On this day in 1972, Terry Bradshaw completed a pass to Franco Harris that scored the game–winning touchdown against the Oakland Raiders in the first round of the AFC playoffs.
Over the years, Bradshaw probably completed dozens of passes to Harris. But what made that play so memorable was the fact that Bradshaw hadn't been throwing to Harris. His target, based on the play that had been sent in from the sideline, was meant to be a fellow named Barry Pearson, a rookie receiver.
Oakland led, 7–6. It was Pittsburgh's ball, fourth–and–10 on the Pittsburgh 40. There were 22 seconds left. After the ball was snapped, Bradshaw was almost immediately under considerable pressure by Oakland's linemen, and he scrambled around a bit, then threw the ball in the direction of John Fuqua.
Fuqua collided with the Raiders' hard–hitting safety, Jack Tatum, and the ball ricocheted in Harris' direction. Harris scooped up the ball before it could hit the ground and ran in with what wound up being the winning touchdown.
It may be the most famous play in NFL history. NFL Films chose it as both the greatest play and the most controversial play of all time.
It is called "The Immaculate Reception," a name it apparently was given that very day.
The story I've heard is that the nickname was used first by a Pittsburgh sportscaster, who was reporting on the game. A Pittsburgh woman called him and suggested it. He used it, and it has been in use ever since.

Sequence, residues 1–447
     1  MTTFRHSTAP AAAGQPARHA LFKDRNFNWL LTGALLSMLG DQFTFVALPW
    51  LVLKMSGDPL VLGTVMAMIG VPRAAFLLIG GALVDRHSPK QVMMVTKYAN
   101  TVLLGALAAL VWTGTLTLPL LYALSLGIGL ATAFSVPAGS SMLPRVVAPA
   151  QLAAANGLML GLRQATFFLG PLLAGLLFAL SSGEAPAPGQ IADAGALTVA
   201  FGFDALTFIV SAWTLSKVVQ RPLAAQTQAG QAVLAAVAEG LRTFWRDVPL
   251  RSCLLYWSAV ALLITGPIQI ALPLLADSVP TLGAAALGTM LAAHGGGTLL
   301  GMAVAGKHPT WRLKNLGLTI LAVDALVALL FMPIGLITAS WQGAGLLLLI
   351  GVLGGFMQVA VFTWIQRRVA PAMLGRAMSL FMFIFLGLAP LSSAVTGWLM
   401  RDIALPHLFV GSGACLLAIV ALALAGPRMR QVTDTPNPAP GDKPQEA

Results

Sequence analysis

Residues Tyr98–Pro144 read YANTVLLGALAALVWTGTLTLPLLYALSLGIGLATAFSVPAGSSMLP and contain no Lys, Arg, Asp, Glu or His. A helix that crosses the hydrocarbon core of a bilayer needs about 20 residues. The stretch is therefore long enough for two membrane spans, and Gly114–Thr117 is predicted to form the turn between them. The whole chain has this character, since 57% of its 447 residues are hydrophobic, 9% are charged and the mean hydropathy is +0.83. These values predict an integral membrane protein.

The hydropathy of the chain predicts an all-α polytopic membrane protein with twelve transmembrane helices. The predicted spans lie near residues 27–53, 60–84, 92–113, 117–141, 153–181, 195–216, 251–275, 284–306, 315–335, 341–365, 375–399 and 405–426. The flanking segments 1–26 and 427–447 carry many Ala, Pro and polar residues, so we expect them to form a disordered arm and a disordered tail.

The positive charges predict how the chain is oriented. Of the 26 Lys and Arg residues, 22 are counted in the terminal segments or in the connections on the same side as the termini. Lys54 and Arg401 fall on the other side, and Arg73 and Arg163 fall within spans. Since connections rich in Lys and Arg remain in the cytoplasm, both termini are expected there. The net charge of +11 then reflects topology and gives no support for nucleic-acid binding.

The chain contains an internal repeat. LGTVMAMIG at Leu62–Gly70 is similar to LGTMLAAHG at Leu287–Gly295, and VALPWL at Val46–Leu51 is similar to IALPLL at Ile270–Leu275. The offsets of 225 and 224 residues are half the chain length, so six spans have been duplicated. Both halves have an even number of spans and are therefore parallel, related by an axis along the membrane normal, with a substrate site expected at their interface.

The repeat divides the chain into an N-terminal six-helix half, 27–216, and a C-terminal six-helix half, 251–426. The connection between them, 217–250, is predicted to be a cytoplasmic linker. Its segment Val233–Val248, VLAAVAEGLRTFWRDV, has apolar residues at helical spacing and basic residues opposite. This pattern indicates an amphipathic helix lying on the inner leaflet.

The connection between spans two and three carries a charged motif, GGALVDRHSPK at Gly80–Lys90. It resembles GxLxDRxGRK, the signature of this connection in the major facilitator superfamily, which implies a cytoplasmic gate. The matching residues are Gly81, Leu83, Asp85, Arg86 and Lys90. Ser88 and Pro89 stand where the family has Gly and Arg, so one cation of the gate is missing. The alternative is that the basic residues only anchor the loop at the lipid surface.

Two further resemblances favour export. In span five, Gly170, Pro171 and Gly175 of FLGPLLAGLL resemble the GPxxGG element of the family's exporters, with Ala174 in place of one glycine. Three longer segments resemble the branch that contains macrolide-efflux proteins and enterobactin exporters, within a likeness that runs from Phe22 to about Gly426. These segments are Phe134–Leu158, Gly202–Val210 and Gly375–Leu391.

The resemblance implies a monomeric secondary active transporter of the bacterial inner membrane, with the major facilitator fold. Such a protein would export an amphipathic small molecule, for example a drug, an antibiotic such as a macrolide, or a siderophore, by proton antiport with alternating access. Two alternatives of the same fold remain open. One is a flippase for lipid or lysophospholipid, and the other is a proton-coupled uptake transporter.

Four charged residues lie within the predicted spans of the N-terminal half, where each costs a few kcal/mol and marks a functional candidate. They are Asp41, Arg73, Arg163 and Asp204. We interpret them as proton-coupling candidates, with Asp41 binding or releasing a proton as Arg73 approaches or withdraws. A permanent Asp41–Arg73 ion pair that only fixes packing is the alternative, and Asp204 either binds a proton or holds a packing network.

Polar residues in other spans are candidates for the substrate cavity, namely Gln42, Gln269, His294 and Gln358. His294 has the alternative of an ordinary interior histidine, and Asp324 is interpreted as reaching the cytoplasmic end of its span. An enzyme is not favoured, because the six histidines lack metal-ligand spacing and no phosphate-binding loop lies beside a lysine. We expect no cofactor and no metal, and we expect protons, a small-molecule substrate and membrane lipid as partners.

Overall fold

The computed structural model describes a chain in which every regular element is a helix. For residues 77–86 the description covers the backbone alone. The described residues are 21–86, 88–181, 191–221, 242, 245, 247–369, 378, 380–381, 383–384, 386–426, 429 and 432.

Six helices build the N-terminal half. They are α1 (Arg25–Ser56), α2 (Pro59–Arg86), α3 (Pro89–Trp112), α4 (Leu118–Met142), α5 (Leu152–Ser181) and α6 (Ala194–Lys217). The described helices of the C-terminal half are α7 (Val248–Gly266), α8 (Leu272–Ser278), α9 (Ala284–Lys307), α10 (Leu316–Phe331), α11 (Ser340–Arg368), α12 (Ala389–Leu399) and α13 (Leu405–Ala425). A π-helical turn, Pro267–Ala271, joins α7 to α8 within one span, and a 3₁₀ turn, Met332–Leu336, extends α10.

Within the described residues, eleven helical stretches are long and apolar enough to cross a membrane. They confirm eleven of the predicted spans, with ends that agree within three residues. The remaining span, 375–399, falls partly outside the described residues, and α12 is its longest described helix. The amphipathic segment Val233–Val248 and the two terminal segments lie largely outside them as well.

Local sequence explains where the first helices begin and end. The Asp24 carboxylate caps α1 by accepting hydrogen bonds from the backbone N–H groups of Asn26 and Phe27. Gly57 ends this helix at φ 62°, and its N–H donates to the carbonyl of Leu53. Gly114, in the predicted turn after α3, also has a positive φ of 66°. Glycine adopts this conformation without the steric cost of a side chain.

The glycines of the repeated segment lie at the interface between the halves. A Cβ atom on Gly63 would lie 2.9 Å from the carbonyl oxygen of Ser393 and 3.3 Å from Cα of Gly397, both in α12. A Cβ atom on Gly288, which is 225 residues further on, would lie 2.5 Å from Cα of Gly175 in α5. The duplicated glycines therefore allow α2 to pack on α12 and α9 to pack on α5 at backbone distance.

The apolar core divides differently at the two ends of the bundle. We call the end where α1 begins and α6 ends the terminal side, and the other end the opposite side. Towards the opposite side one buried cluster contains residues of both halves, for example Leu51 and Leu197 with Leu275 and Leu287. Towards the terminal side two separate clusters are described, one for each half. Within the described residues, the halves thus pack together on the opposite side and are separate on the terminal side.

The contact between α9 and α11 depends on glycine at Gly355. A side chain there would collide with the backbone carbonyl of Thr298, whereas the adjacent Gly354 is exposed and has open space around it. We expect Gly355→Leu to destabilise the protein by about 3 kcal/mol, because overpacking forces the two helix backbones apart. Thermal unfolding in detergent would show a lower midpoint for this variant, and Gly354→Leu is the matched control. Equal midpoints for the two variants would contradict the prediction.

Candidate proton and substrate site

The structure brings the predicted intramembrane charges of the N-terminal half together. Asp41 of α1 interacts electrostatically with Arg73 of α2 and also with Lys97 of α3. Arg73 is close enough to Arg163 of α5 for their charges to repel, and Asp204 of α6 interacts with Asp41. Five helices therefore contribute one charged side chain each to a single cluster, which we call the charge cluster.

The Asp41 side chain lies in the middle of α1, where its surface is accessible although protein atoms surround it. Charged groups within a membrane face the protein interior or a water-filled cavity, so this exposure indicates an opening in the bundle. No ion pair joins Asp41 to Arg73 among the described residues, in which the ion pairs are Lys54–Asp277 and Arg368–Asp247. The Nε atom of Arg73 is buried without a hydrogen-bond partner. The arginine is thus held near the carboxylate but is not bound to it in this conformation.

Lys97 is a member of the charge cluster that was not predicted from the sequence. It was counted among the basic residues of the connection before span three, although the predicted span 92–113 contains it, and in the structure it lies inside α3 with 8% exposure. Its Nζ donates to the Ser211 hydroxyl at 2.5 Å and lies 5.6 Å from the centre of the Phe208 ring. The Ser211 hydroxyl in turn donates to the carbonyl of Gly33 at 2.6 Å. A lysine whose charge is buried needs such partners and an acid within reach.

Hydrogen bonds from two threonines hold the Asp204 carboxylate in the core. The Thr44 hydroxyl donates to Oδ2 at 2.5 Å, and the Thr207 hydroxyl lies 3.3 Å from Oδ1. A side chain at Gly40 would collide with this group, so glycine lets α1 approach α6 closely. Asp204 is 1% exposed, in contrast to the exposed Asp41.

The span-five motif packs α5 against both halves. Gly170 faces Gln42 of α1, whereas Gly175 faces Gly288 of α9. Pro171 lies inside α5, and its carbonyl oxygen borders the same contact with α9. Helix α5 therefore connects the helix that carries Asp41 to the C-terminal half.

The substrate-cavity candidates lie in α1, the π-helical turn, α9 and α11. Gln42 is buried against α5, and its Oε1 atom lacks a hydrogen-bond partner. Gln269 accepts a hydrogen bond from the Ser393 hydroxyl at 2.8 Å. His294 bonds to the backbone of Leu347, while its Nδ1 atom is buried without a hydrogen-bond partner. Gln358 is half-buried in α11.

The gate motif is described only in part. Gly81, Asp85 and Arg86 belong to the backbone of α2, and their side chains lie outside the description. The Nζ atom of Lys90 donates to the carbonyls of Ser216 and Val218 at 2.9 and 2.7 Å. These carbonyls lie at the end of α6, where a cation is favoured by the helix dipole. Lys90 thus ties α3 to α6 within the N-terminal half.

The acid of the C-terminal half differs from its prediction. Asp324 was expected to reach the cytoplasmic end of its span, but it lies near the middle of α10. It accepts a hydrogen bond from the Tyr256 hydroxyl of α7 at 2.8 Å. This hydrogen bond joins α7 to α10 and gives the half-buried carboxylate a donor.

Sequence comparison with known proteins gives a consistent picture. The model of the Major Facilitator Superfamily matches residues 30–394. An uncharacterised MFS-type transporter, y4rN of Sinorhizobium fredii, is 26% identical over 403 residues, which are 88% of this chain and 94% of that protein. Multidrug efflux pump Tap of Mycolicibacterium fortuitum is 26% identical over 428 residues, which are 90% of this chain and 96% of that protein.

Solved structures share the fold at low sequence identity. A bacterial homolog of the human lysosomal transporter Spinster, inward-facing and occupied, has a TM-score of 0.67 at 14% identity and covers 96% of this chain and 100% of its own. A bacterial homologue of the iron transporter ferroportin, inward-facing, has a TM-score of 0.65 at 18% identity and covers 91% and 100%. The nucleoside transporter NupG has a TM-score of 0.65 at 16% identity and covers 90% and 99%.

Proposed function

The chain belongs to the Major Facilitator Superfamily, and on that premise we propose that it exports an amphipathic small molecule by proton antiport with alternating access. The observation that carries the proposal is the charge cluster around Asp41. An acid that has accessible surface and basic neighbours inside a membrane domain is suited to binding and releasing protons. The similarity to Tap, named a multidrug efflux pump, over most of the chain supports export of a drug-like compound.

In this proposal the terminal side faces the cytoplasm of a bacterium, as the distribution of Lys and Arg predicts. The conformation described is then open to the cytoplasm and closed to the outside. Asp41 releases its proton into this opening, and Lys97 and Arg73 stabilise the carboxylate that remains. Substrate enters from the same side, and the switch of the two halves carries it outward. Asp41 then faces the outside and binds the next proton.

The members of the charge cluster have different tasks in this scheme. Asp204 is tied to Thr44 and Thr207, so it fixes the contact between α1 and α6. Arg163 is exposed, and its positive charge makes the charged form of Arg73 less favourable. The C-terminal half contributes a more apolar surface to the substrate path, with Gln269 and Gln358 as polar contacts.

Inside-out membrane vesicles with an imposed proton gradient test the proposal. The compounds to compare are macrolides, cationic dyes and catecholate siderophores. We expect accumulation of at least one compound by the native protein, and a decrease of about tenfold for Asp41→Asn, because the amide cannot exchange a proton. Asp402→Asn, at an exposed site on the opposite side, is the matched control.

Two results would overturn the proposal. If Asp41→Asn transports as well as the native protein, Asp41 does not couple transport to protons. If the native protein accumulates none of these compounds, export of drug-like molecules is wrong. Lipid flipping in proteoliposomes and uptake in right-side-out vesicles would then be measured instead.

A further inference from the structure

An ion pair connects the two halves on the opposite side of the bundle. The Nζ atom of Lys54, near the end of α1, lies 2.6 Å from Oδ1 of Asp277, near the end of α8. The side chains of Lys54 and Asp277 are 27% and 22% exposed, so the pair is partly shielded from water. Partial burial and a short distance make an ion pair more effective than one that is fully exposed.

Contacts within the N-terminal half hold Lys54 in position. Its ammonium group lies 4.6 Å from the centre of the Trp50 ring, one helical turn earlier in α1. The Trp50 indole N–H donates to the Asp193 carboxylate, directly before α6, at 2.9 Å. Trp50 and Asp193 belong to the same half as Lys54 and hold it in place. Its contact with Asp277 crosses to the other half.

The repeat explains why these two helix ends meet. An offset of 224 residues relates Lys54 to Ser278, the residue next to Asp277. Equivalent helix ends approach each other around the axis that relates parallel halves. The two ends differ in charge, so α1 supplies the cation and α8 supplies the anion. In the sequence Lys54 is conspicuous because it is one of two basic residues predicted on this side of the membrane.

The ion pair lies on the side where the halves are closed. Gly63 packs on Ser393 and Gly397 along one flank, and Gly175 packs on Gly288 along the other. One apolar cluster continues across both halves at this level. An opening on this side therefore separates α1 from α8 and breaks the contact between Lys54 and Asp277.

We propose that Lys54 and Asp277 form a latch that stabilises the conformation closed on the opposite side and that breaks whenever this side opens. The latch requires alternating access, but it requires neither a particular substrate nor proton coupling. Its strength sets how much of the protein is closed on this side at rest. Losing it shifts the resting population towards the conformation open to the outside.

I've heard lots of nicknames for games, plays and players over the years, and that one may be the most perfect I've ever heard.
What makes it perfect is knowledge of the Steelers' history — and how that play really changed things for them forever.
The 1972 season was the Steelers' 40th in the NFL. More than 75% of the time, the Steelers had finished seasons with losing records. As they entered their game with the Raiders on this day 38 years ago, they had never won a playoff game. But Harris' catch heralded the changing of the guard in the NFL.
The Steelers didn't win the Super Bowl that year. Instead, they lost the AFC Championship to Miami the next week, and Miami went on to cap its 17–0 season with a Super Bowl triumph over Washington.
But the Steelers wound up being the dominant team of the decade, winning four Super Bowls with Bradshaw, Harris, Lynn Swann and the Steel Curtain defense.
And the seeds for that great run could truly be said to have been planted in Three Rivers Stadium on this day in 1972.
That was what made it the Immaculate Reception.